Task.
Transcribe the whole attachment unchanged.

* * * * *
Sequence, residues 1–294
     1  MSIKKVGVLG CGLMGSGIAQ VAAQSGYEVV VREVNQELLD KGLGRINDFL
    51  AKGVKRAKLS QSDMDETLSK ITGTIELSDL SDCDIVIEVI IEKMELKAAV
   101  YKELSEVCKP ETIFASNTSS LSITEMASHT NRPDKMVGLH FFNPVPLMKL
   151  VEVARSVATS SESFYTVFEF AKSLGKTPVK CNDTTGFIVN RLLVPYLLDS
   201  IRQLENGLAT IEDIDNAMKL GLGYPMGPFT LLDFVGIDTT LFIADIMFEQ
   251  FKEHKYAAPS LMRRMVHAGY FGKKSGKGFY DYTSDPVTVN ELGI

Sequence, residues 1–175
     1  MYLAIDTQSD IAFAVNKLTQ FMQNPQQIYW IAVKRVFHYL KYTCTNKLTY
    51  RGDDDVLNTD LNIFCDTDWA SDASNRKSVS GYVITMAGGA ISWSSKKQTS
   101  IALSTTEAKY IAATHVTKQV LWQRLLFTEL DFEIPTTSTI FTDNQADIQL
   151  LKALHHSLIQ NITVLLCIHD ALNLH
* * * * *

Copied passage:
Sequence, residues 1–294
     1  MSIKKVGVLG CGLMGSGIAQ VAAQSGYEVV VREVNQELLD KGLGRINDFL
    51  AKGVKRAKLS QSDMDETLSK ITGTIELSDL SDCDIVIEVI IEKMELKAAV
   101  YKELSEVCKP ETIFASNTSS LSITEMASHT NRPDKMVGLH FFNPVPLMKL
   151  VEVARSVATS SESFYTVFEF AKSLGKTPVK CNDTTGFIVN RLLVPYLLDS
   201  IRQLENGLAT IEDIDNAMKL GLGYPMGPFT LLDFVGIDTT LFIADIMFEQ
   251  FKEHKYAAPS LMRRMVHAGY FGKKSGKGFY DYTSDPVTVN ELGI

Sequence, residues 1–175
     1  MYLAIDTQSD IAFAVNKLTQ FMQNPQQIYW IAVKRVFHYL KYTCTNKLTY
    51  RGDDDVLNTD LNIFCDTDWA SDASNRKSVS GYVITMAGGA ISWSSKKQTS
   101  IALSTTEAKY IAATHVTKQV LWQRLLFTEL DFEIPTTSTI FTDNQADIQL
   151  LKALHHSLIQ NITVLLCIHD ALNLH